Canadian History, Week Three
Bruce Curtis. The Politics of Population: State Formation, Statistics, and the Census of Canada, 1840-1875. Toronto: University of Toronto Press, 2001. [Online preview: http://bit.ly/zVGAE]
Bruce Curtis examines census-making as a historical process closely related to nation state formation, a consequent desire for both territorial control and population standardization, and the making of bureaucracy. He traces the history of Canadian censuses through analysis of enumerations made in 1841/2, 1847/8, 1850/1/2, 1860/1, and 1865/71. He demonstrates that as the delineation and division of governable space between legislative bodies within Canada became an increasingly important issue over time, populations became increasingly imagined properties; open to manipulation through the use of statistics. Curtis reveals the application of statistics to have been a mathematical exercise with an imaginary aspect of its own: ie, the translation – a subjectively determined act — of actual but qualitatively ambiguous subjects into highly defined objects amenable to quantification. Nevertheless the application was regarded as a means of establishing truth scientifically.
Curtis draws on postmodernist (particularly Foucauldian), theories of knowledge and surveillance, and as well points out that census-making involved expressing historical social norms: social relations were represented as categories into which populations were organized – categories which were self-evident at the time, but which subsequently have been recognized as time and space specific. Even if early census making organized under such officials as Walter Cavendish Crofton and William Hutton was unsystematic relative to later efforts, enumerators, clerks and census designers were neither accidentally chosen nor disinterestedly involved. Throughout, they are shown to have had a significant, and therefore distorting, influence on the whatever ‘accuracy’ may have been hoped for.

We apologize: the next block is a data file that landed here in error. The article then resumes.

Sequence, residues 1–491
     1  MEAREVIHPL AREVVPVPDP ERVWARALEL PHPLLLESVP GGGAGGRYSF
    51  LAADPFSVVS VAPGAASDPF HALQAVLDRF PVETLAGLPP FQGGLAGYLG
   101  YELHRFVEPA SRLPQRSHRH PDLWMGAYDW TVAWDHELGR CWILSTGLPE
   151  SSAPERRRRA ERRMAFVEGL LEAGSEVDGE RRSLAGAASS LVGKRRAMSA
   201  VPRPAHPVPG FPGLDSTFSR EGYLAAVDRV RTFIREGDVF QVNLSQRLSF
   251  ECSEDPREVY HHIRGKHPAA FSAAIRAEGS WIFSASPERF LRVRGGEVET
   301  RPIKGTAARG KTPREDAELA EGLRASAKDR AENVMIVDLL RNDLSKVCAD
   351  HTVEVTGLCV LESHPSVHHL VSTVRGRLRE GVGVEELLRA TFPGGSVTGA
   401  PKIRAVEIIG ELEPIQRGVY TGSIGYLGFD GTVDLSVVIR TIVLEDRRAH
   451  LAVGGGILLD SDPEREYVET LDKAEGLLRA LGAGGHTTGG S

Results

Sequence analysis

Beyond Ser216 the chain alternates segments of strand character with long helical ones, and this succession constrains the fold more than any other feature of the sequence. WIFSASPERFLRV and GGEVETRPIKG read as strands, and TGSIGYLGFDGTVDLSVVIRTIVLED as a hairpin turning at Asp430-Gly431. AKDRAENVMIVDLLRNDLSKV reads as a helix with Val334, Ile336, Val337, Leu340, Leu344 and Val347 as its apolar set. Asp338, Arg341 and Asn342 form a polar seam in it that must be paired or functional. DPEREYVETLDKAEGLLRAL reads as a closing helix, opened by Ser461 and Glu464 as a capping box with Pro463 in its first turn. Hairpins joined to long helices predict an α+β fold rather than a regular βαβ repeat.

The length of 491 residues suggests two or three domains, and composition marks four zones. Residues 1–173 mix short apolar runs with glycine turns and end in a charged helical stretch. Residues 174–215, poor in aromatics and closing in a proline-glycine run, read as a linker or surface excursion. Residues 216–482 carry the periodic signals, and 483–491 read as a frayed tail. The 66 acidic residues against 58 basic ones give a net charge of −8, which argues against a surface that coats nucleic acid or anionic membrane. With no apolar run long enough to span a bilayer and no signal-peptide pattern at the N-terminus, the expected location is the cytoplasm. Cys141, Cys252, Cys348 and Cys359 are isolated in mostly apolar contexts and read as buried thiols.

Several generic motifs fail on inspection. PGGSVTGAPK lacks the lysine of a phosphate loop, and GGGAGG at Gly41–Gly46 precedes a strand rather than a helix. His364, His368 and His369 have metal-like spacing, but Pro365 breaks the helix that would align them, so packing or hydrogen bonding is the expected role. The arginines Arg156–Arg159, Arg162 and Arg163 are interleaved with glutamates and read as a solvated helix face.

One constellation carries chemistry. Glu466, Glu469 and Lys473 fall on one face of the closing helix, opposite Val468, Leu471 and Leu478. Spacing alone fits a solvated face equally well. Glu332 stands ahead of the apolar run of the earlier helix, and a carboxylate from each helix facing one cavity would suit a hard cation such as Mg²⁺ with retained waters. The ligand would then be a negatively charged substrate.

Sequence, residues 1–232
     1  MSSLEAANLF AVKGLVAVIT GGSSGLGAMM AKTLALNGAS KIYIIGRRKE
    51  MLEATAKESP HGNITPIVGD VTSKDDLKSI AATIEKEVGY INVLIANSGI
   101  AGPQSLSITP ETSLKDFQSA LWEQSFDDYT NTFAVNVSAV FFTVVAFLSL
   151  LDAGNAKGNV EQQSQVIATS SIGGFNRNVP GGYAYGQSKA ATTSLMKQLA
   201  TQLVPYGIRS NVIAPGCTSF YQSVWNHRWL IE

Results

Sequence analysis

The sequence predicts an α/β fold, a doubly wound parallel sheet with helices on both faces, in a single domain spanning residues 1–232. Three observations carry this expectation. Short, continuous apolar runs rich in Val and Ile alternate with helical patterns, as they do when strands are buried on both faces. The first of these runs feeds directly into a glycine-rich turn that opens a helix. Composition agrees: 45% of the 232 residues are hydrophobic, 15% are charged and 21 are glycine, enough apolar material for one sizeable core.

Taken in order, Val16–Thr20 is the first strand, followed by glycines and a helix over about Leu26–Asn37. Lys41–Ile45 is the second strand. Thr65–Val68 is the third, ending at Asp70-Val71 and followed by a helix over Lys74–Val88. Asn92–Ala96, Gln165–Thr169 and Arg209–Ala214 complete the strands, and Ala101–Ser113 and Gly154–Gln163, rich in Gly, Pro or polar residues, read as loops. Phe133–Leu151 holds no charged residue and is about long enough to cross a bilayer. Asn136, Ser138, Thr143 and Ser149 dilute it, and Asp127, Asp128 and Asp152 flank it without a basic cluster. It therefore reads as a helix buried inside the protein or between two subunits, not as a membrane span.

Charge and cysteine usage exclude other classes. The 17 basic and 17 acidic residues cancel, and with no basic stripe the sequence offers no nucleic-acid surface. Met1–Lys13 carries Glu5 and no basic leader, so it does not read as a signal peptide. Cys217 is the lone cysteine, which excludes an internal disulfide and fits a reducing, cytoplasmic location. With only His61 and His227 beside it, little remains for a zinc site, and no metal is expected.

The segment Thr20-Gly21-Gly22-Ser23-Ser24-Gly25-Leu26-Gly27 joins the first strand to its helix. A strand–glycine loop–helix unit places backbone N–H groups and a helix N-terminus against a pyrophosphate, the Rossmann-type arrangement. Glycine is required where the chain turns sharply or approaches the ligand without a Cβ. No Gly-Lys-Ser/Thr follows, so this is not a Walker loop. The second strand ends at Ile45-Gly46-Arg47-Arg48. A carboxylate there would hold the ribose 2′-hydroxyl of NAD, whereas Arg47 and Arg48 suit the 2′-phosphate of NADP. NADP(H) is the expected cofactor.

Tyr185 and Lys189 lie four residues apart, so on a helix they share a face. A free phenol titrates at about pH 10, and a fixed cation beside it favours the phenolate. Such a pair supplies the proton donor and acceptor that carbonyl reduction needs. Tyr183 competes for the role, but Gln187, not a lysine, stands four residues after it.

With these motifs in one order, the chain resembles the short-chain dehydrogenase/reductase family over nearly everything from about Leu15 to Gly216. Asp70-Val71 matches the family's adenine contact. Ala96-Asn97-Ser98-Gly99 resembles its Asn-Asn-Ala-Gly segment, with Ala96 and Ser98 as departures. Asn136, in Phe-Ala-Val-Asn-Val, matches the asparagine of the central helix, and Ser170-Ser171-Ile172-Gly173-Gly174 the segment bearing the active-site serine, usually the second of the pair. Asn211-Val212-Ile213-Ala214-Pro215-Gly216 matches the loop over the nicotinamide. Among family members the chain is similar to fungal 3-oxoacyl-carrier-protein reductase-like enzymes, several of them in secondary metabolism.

Although his description of early census making is most entertaining (along the lines of a comedy of errors), Curtis’ analysis of the 1870/71 census and Joseph-Charles Taché’s concerted (and expensive) effort to apply science in a manner that properly (to his way of thinking), addressed language and cultural issues is particularly illuminating. For example, evaluation of who was ‘French’ and why (origin was determined according to the paternal line outside of Quebec, but according to either maternal or paternal lines inside of Quebec), had implications for how data on the francophone population could be used to bolster positions in ‘rep by pop’ debates and on assertions of ‘racial’ purity, cultural homogeneity, and nationalist sentiment. Similarly, the apparent numerical strength of the Catholic portion of the population against other religious denominations was attenuated by grouping all variants of the former as a unified category, while Protestant religious sects were presented in separate categories. It is also evident that enumeration on a de jure (where, in terms of household, a person was assumed to belong), as opposed to a de facto principle (where they were actually found), emphasized – or created an illusion of – and validated, patriarchal patterns of property owning (of persons as well as of real estate and material items).
Curtis succeeds in supporting his argument that social construction is highly evident in census making. His discussion of theoretical underpinnings helps to underscore the point that human beings were abstracted and positioned in virtual time and space in order that their social relations could be disciplined, and the discipline justified, on the basis of empirical evidence. Clearly there was nothing neutral or impartial about the census endeavor in the Canadian context. A well made point is that census information is not a transparent ‘window on the past,’ and that historians must ‘read’ the documents with as much circumspection as they do any other literary source.
Statistics Canada, “History of the Census of Canada,” Statistics Canada website (2005-05-16) http://bit.ly/tPQ37 .
David Levine, review of The Politics of Population: State Formation, Statistics, and the Census of Canada, 1840-1875 by Bruce Curtis, Canadian Journal of Sociology Online (March – April 2002), http://bit.ly/RCKr7 .